Creation of an oceanfront park, part of it on bluffs and part on level ground adjacent to the beach at the foot of Avenida Calafia in San Clemente, was approved Wednesday by the county Board of Supervisors.
The action followed a public hearing conducted by supervisors sitting as the governing board of the county's Harbors, Beaches and Parks District.
Ralph Hudson, manager of design for the parks and recreation department of the county's Environmental Management Agency, which now will take over the project, said the proposed $912,000 park plans still must be presented to the state Coastal Commission, probably within the next two months.
He said present plans call for a small landscaped area at the top of the bluff, a trail leading down the cliff, which will undergo minor grading and the planting of native shrubs, and a 213-vehicle parking lot at the bottom.
Santa Fe Railroad tracks run between the parking lot and the beach, presenting a problem in providing pedestrian access to the sands.
Hudson said there are three alternatives: an overpass, an underpass or an at-grade crossing, adding that while the county and the City of San Clemente, which will maintain and operate the park when it is completed, favor the grade crossing, the railroad and the state Public Utilities Commission have gone on record for one of the other two, despite higher costs.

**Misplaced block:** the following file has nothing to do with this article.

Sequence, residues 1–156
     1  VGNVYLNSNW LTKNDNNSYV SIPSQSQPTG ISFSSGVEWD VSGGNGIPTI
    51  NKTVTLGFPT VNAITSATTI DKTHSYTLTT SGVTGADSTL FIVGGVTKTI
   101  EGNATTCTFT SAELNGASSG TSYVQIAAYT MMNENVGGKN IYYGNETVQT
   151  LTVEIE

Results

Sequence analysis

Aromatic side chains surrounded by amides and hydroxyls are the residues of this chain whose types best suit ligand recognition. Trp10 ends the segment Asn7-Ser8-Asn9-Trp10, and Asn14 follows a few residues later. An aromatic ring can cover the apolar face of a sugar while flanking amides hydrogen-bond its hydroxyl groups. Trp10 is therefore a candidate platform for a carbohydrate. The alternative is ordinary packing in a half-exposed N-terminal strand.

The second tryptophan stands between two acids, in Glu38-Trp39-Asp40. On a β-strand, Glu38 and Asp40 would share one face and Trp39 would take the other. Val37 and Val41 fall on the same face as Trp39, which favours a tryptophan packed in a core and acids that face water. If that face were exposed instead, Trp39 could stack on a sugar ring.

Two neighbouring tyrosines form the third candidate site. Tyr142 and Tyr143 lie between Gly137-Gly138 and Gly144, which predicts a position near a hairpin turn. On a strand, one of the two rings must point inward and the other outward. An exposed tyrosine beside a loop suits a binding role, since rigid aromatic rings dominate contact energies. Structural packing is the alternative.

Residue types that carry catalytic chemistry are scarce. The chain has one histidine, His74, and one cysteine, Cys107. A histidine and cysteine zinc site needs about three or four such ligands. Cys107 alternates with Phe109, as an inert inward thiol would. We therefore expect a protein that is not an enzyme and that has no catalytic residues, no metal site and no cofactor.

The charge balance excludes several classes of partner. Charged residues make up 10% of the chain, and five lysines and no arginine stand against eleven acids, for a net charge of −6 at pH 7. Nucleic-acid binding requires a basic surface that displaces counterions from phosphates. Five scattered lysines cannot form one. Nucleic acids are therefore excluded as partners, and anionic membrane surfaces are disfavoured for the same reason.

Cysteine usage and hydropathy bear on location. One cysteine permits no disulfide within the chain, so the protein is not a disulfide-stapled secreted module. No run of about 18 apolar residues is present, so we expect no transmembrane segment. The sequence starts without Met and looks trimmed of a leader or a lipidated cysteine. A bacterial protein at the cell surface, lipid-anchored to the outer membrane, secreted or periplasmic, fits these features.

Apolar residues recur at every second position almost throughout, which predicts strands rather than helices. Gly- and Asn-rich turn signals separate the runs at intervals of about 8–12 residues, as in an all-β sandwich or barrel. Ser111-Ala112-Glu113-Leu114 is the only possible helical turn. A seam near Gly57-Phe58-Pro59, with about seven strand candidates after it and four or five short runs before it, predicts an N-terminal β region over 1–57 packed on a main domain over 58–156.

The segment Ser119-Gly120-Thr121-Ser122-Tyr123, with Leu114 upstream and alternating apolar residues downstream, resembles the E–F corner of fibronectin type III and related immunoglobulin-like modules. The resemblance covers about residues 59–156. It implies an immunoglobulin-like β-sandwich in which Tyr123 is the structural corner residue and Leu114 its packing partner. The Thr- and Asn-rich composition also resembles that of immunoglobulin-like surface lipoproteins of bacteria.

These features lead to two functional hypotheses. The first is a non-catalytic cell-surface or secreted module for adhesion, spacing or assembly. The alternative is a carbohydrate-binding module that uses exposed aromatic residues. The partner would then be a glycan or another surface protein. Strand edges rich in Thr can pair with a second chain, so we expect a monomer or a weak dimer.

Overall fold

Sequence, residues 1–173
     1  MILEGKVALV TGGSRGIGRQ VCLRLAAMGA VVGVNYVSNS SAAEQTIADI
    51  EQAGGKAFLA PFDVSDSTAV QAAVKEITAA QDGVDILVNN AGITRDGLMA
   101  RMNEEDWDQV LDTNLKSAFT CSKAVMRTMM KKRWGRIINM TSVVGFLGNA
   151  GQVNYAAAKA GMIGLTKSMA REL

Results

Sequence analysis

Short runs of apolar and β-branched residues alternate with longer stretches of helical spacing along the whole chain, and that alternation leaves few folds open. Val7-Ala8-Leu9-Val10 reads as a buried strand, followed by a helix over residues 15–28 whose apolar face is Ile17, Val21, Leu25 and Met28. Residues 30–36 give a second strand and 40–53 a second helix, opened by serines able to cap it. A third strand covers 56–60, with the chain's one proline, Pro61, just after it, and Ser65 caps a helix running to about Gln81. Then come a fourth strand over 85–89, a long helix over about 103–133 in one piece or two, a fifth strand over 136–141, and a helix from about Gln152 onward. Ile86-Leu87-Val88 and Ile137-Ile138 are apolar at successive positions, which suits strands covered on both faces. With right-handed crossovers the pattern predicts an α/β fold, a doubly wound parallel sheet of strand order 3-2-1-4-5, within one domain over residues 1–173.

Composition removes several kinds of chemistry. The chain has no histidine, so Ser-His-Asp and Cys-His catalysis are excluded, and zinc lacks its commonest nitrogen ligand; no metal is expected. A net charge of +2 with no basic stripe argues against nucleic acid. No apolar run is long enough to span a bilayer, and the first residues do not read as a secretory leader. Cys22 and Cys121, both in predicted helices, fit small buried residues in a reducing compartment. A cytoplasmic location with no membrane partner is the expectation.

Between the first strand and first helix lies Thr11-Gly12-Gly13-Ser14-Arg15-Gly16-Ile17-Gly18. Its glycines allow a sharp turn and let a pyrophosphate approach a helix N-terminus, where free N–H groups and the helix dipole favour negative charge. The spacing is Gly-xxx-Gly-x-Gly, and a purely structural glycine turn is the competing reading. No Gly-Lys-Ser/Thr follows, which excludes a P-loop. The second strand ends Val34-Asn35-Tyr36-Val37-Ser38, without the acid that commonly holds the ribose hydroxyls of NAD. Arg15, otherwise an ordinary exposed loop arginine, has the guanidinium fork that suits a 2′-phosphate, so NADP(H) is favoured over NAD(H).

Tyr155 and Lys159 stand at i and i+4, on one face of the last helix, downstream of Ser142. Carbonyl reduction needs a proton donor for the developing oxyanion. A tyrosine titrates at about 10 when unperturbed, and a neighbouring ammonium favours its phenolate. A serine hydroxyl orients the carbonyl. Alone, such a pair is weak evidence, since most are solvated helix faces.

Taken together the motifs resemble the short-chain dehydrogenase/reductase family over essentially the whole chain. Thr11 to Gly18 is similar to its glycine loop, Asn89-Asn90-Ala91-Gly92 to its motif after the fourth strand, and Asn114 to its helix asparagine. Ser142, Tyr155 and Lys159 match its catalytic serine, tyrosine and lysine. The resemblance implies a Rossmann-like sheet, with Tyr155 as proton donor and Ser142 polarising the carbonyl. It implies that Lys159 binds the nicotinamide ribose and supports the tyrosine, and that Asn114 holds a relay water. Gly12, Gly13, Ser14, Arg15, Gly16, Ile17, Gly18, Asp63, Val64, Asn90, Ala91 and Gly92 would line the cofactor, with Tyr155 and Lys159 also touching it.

It has been estimated that the underpass would cost $750,000, the overpass $250,000 and the grade crossing about $50,000.
Hudson said there is only enough money available in this year's budget to cover design costs, and that funds for the entire project probably won't be on hand until fiscal 1987-88.
The park will cover more than seven acres, including the slopes, and has met with generally favorable reaction from neighbors on streets near the top of the bluff, such as Avenida Lobeiro and Avenida Montalvo.
The property involved is under multiple ownership, which, according to Hudson, has complicated procedures. The City of San Clemente owns Avenida Calafia, the street leading to the beach. The state Parks and Recreation Department owns the beach and the bluff leading up to Avenida Lobeiro, and the railroad owns a 100-foot-wide right of way, which carries 14 trains a day between the parking lot and the beach.